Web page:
SUSSEX POLICE RESPONSE TO POSSIBLE ILLEGAL METAL DETECTING IN QUESTION

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Lead Image: The Fixed Penalty Notice apparently issued to three metal detectorists by Sussex Police

[Via Facebook-Fair Use]




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Me? In the Woods? At 11.30 at Night, With A Metal Detector, With My Reputation?

I must be in breach of Covid Regulations.


The ability of Sussex Police to recognise and respond to the Heritage Crime of illegal metal detecting is in question after the publication on Facebook of what appears to be a fixed penalty notice issued under the Covid Regulations. The notice seems to indicate that three men, questioned after being stopped in woodland in close to the Surrey/Sussex border, with metal detectors at 11.30 on a Saturday night, were apparently not questioned about the possibility they were engaged in illegal metal detecting.

The notice, which was posted on Facebook by an individual from London, who cannot be confirmed as one of the individuals fined, and which was passed to thePipeLine, begins by confirming the time and location of the alleged contravention of the “Health Protection [Coronavirus, Restrictions] [All Tiers] [England] Regulations 2020“, under which the men were issued fixed penalties.

The notice states that,

“On 30/01/2021 at A281 Rudgwick, at 23.30pm you were found to be in contravention of the regulations…”

The notice goes on to describe the circumstances of the alleged contravention,

“3 males were found in woods with metal detectors. They explained they had travelled from their homes in London for the weekend to carry out metal detecting.

All three were therefore fined for non-essential travel from London.”




The Covid Regulations Notice apparently issued to three metal detectorists by Sussex Police, as published on Facebook
[Fair Use for the purpose of reporting]

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Given that illegal metal detecting is often carried out at night and legitimate metal detecting with the permission of landowners is an activity which generally takes place in daylight, it is unclear why the men appear not to have been questioned about why they were, where they were, with metal detectors and whether they had permission from the landowner to be on the land where they were found at any time of day?

The Sussex Police press office was e-mailed by thePipeLine using its official contact form and asked to confirm if the notice published on Facebook was genuine and if so , if the officer[s] making the report had also questioned the men regarding why they were in woods, half an hour before midnight on a Saturday night, while they were carrying metal detectors?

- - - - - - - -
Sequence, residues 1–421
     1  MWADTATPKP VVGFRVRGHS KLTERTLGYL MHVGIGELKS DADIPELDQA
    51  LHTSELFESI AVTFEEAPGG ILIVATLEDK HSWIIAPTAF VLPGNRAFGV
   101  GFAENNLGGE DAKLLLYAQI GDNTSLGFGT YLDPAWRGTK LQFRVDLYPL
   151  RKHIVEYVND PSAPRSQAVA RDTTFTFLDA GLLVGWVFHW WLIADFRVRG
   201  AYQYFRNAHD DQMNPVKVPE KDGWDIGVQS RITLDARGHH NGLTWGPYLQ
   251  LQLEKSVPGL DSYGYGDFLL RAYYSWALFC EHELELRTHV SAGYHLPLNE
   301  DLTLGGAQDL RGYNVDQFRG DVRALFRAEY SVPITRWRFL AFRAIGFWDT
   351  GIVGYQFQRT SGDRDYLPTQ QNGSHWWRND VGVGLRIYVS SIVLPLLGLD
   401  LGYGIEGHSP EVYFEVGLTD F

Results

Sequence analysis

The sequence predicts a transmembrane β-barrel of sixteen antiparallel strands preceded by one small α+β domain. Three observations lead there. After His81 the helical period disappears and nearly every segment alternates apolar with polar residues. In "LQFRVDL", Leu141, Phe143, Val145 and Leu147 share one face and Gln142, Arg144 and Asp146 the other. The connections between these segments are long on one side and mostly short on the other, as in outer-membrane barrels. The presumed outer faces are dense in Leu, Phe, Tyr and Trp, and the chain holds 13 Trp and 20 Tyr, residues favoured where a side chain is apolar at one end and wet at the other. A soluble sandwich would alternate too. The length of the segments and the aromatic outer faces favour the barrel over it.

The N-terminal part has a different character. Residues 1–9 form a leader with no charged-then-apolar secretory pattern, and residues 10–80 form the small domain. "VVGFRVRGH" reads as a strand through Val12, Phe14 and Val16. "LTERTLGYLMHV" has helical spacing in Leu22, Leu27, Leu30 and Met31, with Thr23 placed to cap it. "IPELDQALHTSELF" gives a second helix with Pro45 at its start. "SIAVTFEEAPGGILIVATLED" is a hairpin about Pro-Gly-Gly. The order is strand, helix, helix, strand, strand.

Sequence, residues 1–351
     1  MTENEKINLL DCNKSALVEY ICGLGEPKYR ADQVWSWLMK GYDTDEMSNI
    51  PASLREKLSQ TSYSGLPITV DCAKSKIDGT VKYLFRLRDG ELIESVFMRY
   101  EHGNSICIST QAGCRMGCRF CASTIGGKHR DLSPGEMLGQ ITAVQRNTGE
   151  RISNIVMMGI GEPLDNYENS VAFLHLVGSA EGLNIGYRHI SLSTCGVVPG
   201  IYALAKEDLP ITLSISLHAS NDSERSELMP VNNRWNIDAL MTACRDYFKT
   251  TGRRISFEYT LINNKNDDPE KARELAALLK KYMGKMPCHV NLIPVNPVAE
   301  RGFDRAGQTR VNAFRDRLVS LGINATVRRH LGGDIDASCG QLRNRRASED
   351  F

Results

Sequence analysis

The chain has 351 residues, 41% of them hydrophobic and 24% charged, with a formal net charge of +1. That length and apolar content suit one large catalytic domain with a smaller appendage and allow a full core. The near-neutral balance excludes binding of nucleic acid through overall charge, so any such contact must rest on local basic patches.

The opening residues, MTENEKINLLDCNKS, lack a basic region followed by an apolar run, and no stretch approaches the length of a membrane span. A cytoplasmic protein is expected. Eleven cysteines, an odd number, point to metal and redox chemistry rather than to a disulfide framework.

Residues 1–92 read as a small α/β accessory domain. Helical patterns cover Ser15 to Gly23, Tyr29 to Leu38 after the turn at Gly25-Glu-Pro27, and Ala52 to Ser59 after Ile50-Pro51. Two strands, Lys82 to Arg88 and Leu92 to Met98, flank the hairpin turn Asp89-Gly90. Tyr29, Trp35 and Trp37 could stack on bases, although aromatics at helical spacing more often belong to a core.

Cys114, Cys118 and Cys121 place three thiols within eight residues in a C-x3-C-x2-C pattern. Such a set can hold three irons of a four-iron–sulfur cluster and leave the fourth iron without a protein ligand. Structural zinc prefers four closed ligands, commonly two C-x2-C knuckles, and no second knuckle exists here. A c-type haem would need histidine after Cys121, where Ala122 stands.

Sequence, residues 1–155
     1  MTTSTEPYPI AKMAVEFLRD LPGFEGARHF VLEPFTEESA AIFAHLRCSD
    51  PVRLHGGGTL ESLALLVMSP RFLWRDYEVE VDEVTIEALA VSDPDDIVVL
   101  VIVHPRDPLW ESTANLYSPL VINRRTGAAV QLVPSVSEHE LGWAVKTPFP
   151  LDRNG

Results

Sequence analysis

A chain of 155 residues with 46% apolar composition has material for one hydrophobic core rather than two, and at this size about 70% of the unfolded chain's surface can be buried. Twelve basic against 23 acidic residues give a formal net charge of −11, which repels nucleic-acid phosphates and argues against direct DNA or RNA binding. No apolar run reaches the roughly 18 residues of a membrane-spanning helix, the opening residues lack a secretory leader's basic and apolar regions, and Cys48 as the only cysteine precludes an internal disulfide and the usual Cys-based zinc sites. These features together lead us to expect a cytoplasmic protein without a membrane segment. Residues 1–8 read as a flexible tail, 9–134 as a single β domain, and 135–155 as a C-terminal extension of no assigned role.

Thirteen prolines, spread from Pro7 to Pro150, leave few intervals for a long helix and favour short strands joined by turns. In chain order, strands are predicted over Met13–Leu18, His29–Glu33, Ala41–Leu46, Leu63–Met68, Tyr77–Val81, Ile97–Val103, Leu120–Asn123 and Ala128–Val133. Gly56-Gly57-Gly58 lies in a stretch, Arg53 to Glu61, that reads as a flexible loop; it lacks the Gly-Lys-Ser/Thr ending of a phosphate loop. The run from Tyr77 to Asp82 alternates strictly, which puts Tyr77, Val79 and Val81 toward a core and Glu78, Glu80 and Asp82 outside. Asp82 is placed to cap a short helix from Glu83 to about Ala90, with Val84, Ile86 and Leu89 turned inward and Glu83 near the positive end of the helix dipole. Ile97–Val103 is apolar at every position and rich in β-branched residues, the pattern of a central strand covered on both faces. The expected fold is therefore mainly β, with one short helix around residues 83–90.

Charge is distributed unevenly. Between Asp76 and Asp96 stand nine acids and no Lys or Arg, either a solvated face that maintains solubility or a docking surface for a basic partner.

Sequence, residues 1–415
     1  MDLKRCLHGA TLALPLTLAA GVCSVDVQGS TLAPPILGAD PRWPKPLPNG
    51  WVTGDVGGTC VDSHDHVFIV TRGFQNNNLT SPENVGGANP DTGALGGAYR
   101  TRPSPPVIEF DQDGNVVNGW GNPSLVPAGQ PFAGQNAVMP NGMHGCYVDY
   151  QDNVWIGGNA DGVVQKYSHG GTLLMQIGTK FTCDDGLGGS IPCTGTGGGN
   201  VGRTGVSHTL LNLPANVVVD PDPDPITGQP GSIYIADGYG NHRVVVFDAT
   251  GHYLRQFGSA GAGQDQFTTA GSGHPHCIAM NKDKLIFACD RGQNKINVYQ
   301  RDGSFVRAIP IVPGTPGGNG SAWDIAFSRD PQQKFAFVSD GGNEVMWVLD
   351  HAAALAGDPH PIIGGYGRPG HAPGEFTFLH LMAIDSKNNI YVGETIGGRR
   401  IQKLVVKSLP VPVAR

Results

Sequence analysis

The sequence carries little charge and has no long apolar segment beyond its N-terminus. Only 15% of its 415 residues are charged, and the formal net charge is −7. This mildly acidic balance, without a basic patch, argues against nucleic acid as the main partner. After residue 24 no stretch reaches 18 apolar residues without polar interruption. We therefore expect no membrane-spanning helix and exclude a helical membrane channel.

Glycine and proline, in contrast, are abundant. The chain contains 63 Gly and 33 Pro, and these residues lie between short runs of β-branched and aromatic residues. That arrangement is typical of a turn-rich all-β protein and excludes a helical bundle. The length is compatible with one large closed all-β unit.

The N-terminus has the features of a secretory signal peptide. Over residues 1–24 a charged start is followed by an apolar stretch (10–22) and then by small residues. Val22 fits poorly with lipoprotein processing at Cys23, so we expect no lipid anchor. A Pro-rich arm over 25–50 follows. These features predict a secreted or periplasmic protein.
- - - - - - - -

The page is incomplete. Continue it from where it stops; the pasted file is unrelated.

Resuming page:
We also asked if the names of the men had been been passed to the Sussex Rural Crime Team which handles allegations of heritage crime and whether there was an ongoing investigation into the activities of the three men.

Up to the time of publication no comment has been received from Sussex Police.

The timeline of the Sussex Police Rural Crime Team twitter account contains no mention of this event, suggesting that either they do not know about it, or the team does not want to publicise the event unduly.

However, the Rural Crime Team are aware of the issue of illegal metal detecting and were actively pursuing reports of such activity during Sunday 31 January 2021, the day following the Rudgwick stop.

On that day the Rural Crime Team reported an incident of illegal metal detecting on the South Downs at the opposite end of the county. The team next reported it was out looking for illegal poaching and metal detecting on 12 February, but again the location was the South Downs.

It is important to point out that Police resources are stretched and specialist teams such as the Rural Crime Team tend to plan and respond on an intelligence led basis, hence the reported patrol after reports of illegal activity by detectorists on the South Downs. This means that if there was no intelligence that the Rudgwick area was a likely target for illegal detecting the force would be unlikely to put in place additional, or targeted, patrols and observations, while the local Police officers covering the area might not have the same level of awareness as their more specialised colleagues.

However, this does not explain the apparent lack of curiosity on the part of the officer[s] involved in reporting the three men.

Adding to the questions around the incident, two archaeologists familiar with Sussex consulted by this website were unable to suggest a known or likely target in the Rudgwick area which might be attractive to detectorists, although there is a known Roman Road through the area.

Asked about the apparent failure of the Police to address on this occasion the issue of possible attempted theft using metal detectors [sometimes known popularly as Nighthawking] an archaeologist familiar with the subject of illegal metal detecting commented,

“I can only think it was near the end of the shift and they didn’t want to do the paperwork.”

That or the officer[s] involved did not get the memo about heritage crime.

The Facebook post was subsequently deleted.

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